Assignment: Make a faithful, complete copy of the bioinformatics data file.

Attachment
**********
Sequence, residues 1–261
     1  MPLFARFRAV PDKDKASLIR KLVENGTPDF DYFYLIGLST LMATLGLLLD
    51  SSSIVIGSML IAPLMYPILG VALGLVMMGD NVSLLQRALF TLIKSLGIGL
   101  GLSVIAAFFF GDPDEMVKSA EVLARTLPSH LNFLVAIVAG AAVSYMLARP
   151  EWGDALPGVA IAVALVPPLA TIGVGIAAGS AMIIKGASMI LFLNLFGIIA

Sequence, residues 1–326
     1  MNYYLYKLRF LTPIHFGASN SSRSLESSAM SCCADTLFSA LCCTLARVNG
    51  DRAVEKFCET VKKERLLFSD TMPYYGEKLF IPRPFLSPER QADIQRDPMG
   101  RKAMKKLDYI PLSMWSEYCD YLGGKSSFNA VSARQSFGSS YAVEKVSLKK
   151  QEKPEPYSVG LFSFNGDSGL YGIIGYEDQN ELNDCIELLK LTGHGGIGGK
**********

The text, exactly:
Sequence, residues 1–261
     1  MPLFARFRAV PDKDKASLIR KLVENGTPDF DYFYLIGLST LMATLGLLLD
    51  SSSIVIGSML IAPLMYPILG VALGLVMMGD NVSLLQRALF TLIKSLGIGL
   101  GLSVIAAFFF GDPDEMVKSA EVLARTLPSH LNFLVAIVAG AAVSYMLARP
   151  EWGDALPGVA IAVALVPPLA TIGVGIAAGS AMIIKGASMI LFLNLFGIIA

Sequence, residues 1–326
     1  MNYYLYKLRF LTPIHFGASN SSRSLESSAM SCCADTLFSA LCCTLARVNG
    51  DRAVEKFCET VKKERLLFSD TMPYYGEKLF IPRPFLSPER QADIQRDPMG
   101  RKAMKKLDYI PLSMWSEYCD YLGGKSSFNA VSARQSFGSS YAVEKVSLKK
   151  QEKPEPYSVG LFSFNGDSGL YGIIGYEDQN ELNDCIELLK LTGHGGIGGK